This I know, and have always sensed: that cinema is just image-and-sound, audio-vision. It’s slides plus a tape, an art gallery video installation, the thing on your computer or your phone – as well as everything at the movie theatre or on your TV set. It’s representation, figuration, through the looking glass, wherever and however it is happening. We can go still further. In about 1982, I heard the artist Marcus Bergner say (and it really affected me): “I can make a film by doing a painting, or making a gesture in the air ... ” – and he was absolutely right! Because cinema has always been as virtual as it is actual: it begins, and takes place, and expands, in our imaginaries; that is its true and ultimate reality, as mental audio-vision, or as lived memory (which is all you’ll retain of it at the moment of your death, that’s for sure) … The 35mm film print has no ontological primacy whatsoever. I do not share the widespread archival/curatorial nostalgia for celluloid – if you want to actually hear films, for instance, and study sound design, DVD is infinitely better. The real gain, and the real loss, is in the question of audiences: to have or have not! I heard the great scholar Thomas Elsaesser say at a museum event in Barcelona in 2006: “If there’s no mass audience, then there’s politics in cinema” – the scene of the political then shifts to some different, more subjective plane (which is also social, but in a different way to the old-fashioned public sphere of the movie crowd). But even these once obvious matters of clear-cut publics are becoming less easy to determine: do we really need an agglomeration of bodies in one room to constitute an audience? Are we really only just, these days, fish passing each other mutely in an aquarium (to use Thierry Jousse’s image)? (6) Maybe not.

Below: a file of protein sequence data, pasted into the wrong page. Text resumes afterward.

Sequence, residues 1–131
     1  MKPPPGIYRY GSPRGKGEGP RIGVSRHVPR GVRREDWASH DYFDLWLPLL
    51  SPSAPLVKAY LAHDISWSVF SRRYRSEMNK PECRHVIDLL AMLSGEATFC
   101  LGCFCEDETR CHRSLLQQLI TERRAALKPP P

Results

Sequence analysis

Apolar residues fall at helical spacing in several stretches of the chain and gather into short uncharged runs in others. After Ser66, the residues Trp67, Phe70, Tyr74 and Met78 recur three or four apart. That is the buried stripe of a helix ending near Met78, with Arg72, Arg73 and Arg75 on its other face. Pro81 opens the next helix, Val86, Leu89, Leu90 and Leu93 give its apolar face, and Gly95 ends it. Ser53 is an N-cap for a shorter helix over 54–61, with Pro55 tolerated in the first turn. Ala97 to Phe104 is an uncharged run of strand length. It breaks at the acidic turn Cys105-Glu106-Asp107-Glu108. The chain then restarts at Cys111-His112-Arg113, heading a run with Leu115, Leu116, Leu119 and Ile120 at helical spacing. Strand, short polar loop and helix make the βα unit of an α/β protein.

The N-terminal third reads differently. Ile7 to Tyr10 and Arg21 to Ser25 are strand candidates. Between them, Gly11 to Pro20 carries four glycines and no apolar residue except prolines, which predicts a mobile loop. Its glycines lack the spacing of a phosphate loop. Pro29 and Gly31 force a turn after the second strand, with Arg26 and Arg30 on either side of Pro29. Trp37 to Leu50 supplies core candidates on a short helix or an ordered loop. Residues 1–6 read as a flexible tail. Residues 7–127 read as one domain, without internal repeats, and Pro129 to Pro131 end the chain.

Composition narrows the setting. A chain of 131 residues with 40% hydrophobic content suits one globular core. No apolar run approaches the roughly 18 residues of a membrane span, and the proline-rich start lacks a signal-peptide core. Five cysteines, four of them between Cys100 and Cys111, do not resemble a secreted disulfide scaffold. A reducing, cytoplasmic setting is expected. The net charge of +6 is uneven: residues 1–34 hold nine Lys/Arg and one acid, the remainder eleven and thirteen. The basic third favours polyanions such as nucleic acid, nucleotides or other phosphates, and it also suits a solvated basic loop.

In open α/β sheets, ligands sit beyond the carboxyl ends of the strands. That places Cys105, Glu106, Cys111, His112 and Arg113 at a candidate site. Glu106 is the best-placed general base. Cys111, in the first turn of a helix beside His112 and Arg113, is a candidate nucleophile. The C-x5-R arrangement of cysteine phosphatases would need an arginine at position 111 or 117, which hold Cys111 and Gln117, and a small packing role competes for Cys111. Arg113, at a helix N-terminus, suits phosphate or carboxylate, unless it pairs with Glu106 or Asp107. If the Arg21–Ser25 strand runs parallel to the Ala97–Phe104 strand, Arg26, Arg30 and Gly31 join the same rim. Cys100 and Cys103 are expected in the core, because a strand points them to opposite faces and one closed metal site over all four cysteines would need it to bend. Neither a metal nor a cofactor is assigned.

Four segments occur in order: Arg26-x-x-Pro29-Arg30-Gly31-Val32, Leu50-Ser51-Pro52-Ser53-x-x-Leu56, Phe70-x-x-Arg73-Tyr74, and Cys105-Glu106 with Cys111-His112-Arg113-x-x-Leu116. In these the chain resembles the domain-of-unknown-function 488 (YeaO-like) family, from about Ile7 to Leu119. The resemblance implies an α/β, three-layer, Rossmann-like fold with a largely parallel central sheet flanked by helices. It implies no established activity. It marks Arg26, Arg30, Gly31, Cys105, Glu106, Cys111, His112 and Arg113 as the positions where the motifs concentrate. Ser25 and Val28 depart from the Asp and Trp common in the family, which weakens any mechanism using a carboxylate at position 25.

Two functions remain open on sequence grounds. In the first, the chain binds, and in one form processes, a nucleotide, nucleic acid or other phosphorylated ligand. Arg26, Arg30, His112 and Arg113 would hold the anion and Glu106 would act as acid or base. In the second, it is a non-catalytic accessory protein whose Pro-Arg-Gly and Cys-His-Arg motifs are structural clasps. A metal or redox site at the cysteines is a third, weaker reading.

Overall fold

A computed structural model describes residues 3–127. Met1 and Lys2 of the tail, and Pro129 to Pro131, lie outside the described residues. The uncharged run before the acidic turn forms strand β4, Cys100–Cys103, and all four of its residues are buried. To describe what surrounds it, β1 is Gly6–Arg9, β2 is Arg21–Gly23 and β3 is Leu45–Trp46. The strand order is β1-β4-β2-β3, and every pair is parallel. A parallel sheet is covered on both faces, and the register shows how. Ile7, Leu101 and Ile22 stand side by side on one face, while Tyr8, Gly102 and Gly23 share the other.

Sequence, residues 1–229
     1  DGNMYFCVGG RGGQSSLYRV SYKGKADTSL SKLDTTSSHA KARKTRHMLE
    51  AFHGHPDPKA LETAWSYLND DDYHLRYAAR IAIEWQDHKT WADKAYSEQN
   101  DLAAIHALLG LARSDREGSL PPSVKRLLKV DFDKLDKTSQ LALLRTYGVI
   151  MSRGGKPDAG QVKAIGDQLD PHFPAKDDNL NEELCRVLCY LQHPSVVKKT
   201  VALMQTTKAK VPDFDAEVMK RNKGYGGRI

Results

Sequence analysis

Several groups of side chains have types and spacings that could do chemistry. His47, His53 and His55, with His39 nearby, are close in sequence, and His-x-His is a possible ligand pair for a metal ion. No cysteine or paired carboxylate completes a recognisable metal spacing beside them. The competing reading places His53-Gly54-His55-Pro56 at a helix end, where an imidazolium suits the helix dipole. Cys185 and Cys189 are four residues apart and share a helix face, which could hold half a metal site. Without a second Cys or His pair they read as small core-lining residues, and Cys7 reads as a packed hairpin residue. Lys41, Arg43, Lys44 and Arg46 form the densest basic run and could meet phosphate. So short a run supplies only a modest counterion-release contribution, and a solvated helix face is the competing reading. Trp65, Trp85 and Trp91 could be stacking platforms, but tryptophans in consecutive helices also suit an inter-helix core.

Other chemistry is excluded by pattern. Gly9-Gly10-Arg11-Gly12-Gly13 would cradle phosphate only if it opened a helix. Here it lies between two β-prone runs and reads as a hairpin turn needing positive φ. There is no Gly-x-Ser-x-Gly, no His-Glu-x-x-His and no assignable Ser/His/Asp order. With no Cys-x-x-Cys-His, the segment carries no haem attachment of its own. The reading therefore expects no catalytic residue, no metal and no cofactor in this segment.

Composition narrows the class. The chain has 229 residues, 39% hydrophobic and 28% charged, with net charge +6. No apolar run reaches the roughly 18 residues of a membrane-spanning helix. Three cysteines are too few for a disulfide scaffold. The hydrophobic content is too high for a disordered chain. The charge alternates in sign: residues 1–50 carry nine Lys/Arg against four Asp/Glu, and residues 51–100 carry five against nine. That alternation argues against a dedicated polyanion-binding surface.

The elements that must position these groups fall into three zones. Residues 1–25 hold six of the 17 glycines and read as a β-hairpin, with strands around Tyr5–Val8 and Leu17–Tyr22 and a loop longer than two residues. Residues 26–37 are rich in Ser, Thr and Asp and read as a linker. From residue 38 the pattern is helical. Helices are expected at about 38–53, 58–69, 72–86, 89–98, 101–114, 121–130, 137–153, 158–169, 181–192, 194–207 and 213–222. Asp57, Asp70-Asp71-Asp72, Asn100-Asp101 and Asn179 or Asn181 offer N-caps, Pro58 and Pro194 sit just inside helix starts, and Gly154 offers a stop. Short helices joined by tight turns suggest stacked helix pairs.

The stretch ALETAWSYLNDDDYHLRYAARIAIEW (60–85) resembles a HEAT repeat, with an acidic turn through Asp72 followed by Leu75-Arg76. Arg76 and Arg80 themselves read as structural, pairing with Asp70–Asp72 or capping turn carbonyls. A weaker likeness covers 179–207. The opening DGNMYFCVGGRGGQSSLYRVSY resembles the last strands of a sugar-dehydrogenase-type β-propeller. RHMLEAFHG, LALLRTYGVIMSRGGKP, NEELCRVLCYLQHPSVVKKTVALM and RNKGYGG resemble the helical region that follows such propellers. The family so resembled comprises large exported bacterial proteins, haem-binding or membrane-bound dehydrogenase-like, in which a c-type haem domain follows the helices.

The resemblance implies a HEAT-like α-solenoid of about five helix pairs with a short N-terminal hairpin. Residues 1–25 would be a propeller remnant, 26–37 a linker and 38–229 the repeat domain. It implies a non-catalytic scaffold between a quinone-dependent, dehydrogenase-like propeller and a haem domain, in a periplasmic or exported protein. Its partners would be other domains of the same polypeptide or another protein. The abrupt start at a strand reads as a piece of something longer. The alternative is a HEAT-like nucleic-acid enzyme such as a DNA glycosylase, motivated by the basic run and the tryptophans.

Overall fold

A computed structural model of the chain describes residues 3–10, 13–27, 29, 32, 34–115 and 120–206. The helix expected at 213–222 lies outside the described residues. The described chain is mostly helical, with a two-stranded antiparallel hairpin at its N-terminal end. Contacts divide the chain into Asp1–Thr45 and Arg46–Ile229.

27–  In the past, Godard, Daney and Susan Sontag announced the death of cinema. How do you see or imagine its future?